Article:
Cor­byn’s cult is a re­minder of how dic­ta­tors op­er­ate Stephen Pol­lard

Daily Express - - NEWS - Po­lit­i­cal com­men­ta­tor

THIS week­end the Tories gather in Manch­ester for their an­nual con­fer­ence. They may be in of­fice and Labour in op­po­si­tion but there is no doubt which party is the more buoy­ant and con­fi­dent – and it’s not the Tories. However wrong­headed their poli­cies may be Labour ap­pears to have caught some­thing in the public mood, as a deeply wor­ry­ing poll yes­ter­day showed.

Ac­cord­ing to poll­sters Pop­u­lus, up to 83 per cent of vot­ers agree with na­tion­al­is­ing water, gas and elec­tric­ity and half would be happy to see banks na­tion­alised. There is mass sup­port for wage caps and more reg­u­la­tion. The word cap­i­tal­ism is as­so­ci­ated with “self­ish”, “cor­rupt” and “greedy”. In con­trast so­cial­ism was cor­re­lated with phrases like “for the greater good”.

To un­der­stand why such ter­ri­ble ideas are now so pop­u­lar we need to take a care­ful and open-minded look at the past decade and be­yond. But we also need to look for­ward and pon­der where sup­port for such ideas could lead us. The an­swer is deeply dis­turb­ing.

The vast ma­jor­ity of those who now say they like the sound of na­tion­al­i­sa­tion and other such ideas are de­cent peo­ple who ei­ther can’t re­mem­ber the hor­rors of the 1970s or sim­ply feel that they are be­ing let down by cap­i­tal­ism. However that is not the case for many of those who pro­pose the ideas and nor is it true of the hard­core of ac­tivists who have taken over the Labour Party.

JEREMY Cor­byn’s great­est strength is that he comes across as a de­cent man. You hardly need me to re­hearse yet again just how mis­guided that im­pres­sion is. But there is some­thing far more wor­ry­ing at work here too.

I am sure Mr Cor­byn is be­ing hon­est when he says how un­com­fort­able he is with the per­son­al­ity cult that has now taken hold in the Labour Party. But cult-like it cer­tainly is with ac­tivists wear­ing Cor­byn T-shirts, hang­ing Cor­byn pic­tures on walls and – weirdly and, one has to say, scar­ily – greet­ing the start of his leader’s speech with that aw­ful “Oh, Jeremy Cor­byn” song.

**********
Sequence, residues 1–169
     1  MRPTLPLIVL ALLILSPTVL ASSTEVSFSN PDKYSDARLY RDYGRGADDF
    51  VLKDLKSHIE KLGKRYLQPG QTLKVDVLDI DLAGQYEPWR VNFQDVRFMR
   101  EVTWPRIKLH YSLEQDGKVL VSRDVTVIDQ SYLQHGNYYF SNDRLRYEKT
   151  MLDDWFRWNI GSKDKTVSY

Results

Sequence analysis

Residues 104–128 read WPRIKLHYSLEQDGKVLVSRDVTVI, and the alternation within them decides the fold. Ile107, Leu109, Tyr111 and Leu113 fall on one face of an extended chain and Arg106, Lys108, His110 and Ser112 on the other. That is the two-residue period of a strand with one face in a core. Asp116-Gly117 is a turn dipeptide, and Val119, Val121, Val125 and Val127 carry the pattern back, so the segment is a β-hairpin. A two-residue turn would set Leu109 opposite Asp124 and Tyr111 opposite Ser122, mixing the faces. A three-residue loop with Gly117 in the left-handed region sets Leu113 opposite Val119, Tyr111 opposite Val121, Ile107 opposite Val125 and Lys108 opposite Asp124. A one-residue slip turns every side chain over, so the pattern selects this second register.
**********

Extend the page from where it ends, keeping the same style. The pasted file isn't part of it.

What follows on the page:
This kind of hero-wor­ship is not merely cult-like it is how dic­ta­tor­ships start. Dis­agree with Mr Cor­byn and the gates of hell open on you from his sup­port­ers. I now, for in­stance, have daily, un­end­ing abuse on so­cial me­dia from Cor­bynites for dar­ing to have de­scribed this cult-like be­hav­iour.

It doesn’t bother me – I find it use­fully re­veal­ing – but it can move be­yond the vir­tual world into phys­i­cal threats. A jour­nal­ist who has done nothing more than her job, the BBC’s Laura Kuenss­berg had to have se­cu­rity guards when she at­tended the Labour con­fer­ence.

When one man is el­e­vated as be­ing the repos­i­tory of all that is good, by def­i­ni­tion any op­po­si­tion, or even those who are sim­ply not signed up in sup­port, is the op­po­site: all that is bad.

This is how dic­ta­tor­ships be­have as Mr Cor­byn’s own he­roes, the former pres­i­dents of Venezuela and Cuba, Hugo Chavez and Fidel Cas­tro, show.

And it is the mind­set of the thugs who have al­ready dis­rupted next week’s Con­ser­va­tive Party con­fer­ence with their threats. Ac­cord­ing to re­ports, ac­tivists have said they will “lay siege” to it and ban­ners rous­ing peo­ple to “hunt Tories” have sprung up around Manch­ester this week.

Tame­side Con­ser­va­tives had planned to hold an event in cen­tral Manch­ester on Satur­day night but have been forced to can­cel after “in­tim­i­da­tion from Left-wing ac­tivists”.

We know what we will see next week be­cause we saw it last year: vi­o­lent thugs at­tempt­ing to dis­rupt the con­fer­ence. This is pol­i­tics Cor­bynite-style.

Typ­i­cally the lead­ers them­selves will have clean hands but there is no doubt in whose name they are act­ing.

We saw this process in action this week in the way Jewish peo­ple who com­plained about the diet of anti-Semitic words and phrases from party mem­bers since Mr Cor­byn be­came leader were them­selves at­tacked as the enemy.

It wasn’t Jeremy Cor­byn who abused Jews at con­fer­ence. It never is. It was his sup­port­ers. And it was three key al­lies of the Labour leader – Unite boss Len McCluskey, film di­rec­tor Ken Loach and former mayor of London Ken Liv­ing­stone – who all said the same thing: that there was no anti-Semitism in the Labour Party and that com­plaints about hate speech were re­ally a fig-leaf for plots against the lead­er­ship.

As for Mr Cor­byn, he did not is­sue a sin­gle word of di­rect con­dem­na­tion of this tor­rent of anti-Semitic abuse.

ALL this is deeply redo­lent of that old tool of dic­ta­tors ev­ery­where: the idea that op­po­nents are “en­e­mies of the peo­ple”. In which case the peo­ple – de­fined as those out on the streets in sup­port of the glo­ri­ous leader – have ev­ery right to de­fend them­selves from those who seek to do them down.

Such di­rect action is at the core of Cor­bynite pol­i­tics. John McDon­nell, the Suslov to Jeremy Cor­byn’s Brezh­nev, has said that his mem­ber­ship of the Labour Party is “a tac­tic” since “you can’t change the world through the par­lia­men­tary sys­tem”.

For Mr McDon­nell and his fel­low ex­trem­ists the thugs who threaten Manch­ester and the ri­ot­ers who have pre­vi­ously taken to the streets are “the best of our move­ment”.

More, they are the pre­cur­sor to a rev­o­lu­tion in which the en­e­mies of the peo­ple are put in their place. This is Labour now. And it scares me.

‘Sup­port­ers abuse their op­po­nents’


HERO WOR­SHIP: Cor­byn greeted by ador­ing acolytes at Labour’s party con­fer­ence

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